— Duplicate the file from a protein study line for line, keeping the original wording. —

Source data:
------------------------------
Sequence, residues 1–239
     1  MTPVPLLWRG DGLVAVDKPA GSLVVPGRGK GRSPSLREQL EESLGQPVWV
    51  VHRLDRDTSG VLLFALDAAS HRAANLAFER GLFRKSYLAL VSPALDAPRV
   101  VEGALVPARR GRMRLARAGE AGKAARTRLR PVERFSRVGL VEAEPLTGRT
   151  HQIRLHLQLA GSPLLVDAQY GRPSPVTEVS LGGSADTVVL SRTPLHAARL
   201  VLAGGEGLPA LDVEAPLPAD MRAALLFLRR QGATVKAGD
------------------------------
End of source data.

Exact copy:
Sequence, residues 1–239
     1  MTPVPLLWRG DGLVAVDKPA GSLVVPGRGK GRSPSLREQL EESLGQPVWV
    51  VHRLDRDTSG VLLFALDAAS HRAANLAFER GLFRKSYLAL VSPALDAPRV
   101  VEGALVPARR GRMRLARAGE AGKAARTRLR PVERFSRVGL VEAEPLTGRT
   151  HQIRLHLQLA GSPLLVDAQY GRPSPVTEVS LGGSADTVVL SRTPLHAARL
   201  VLAGGEGLPA LDVEAPLPAD MRAALLFLRR QGATVKAGD